Just the facts on religion.

Jain Beliefs

Jainism has historical roots in Hinduism, but there are many differences between the two Indian religions today. Central to Jian belief is the material and the spiritual realm. It is believed that both realities are eternal and that human beings can, and do, engage in both, which affects not only this life, but the next one as well. Jains also have distinct beliefs about karma.

  • Human Nature in Jainism

    In Jainism, the soul is uncreated, eternal and has infinite power and knowledge. It therefore has the inherent potential of divinity (that is, perfectly omnipotent, omniscient and free; not a god)... full article →
  • Jain Cosmology

    Jains believe that the universe and everything in it is eternal. Nothing that exists now was ever created, nor will it be destroyed. The universe consists of three realms: the heavens, the earthly realm and the hells... full article →
  • Jain theism

    The Jain understanding of an uncreated and eternal universe leaves little room for an Almighty Creator God. Jains do, however, believe in a "perfect universal presence," as well as multiple deities who dwell in the heavens... full article →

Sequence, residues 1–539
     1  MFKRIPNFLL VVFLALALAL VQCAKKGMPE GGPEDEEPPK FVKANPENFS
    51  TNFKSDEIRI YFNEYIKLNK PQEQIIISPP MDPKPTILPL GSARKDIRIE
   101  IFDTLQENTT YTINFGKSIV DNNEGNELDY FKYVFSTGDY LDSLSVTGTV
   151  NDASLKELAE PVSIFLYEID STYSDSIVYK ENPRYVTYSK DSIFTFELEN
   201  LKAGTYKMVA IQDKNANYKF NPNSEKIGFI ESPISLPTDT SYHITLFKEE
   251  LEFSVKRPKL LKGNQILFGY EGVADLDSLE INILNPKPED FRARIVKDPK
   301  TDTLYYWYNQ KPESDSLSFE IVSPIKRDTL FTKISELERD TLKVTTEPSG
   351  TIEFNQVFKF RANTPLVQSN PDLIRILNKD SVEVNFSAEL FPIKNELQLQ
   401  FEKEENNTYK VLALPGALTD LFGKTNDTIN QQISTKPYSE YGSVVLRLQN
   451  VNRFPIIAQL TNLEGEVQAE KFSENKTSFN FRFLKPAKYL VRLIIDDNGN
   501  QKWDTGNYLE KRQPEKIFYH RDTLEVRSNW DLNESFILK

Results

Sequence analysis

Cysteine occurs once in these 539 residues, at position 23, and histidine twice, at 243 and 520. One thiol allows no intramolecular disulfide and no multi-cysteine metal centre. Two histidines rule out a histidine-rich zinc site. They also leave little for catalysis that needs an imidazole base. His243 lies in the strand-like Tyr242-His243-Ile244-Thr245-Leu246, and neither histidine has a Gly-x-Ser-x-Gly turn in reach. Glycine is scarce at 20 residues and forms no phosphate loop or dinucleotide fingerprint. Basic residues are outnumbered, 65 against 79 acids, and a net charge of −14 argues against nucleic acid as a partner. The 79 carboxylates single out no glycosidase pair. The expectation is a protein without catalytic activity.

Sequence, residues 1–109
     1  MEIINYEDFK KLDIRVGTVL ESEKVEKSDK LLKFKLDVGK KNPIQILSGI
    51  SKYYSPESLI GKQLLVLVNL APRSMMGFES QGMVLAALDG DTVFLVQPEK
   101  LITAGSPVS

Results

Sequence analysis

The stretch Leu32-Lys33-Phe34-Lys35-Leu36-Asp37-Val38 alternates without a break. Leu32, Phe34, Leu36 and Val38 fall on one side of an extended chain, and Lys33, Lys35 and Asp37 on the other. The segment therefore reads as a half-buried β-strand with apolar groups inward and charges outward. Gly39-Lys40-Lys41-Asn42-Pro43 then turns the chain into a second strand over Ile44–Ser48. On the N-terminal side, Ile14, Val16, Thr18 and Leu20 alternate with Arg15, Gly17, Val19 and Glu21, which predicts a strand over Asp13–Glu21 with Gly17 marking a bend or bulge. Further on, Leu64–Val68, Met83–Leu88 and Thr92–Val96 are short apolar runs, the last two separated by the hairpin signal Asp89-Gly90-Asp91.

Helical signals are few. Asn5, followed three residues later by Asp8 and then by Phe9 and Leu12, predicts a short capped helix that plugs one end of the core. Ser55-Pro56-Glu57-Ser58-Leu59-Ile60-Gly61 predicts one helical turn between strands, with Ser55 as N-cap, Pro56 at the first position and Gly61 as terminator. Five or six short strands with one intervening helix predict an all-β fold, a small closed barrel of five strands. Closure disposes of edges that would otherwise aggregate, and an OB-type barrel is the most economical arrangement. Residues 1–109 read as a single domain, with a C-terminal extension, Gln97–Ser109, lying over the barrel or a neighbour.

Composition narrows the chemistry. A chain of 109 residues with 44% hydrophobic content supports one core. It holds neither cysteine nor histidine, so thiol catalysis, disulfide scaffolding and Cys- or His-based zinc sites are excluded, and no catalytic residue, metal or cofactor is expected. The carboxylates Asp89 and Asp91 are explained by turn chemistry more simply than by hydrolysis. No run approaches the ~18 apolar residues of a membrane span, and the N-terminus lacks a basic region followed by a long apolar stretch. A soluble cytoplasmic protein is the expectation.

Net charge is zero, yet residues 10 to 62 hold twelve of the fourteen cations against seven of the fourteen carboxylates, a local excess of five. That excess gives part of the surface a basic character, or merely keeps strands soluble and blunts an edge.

• Jivas

    In Jainism, jivas are all the living beings that can be found in the earthly realm. This is a central concept because the fundamental Jain principle of ahimsa (nonviolence) extends to all jivas... full article →
  • afterlife (Jainism)

    Depending on one's karma and level of spiritual development, death may mean being reborn in another physical appearance in the earthly realm, suffering punishment in one of eight hells or joining other liberated souls in the highest level of heaven... full article →
  • karma (Jainism)

    In Indian philosophy, karma is the natural moral law of the universe in which every good and bad action has a corresponding effect on the doer... full article →
  • meaning of life (Jainism)

    For Jains, the purpose of life is to attain moksa, or release, from the cycle of rebirth. There are five levels on the path of human development: - Sadhus (monks) and sadhvis (nuns) - Upadhyayas (teachers of the Jain scriptures) - Acharyas (spiritual leaders) - Siddhas (liberated souls) - Arihantas (liberated souls who have attained salvation; both Ordinary and Tirthankar) Ordinary laypersons are householders... full article →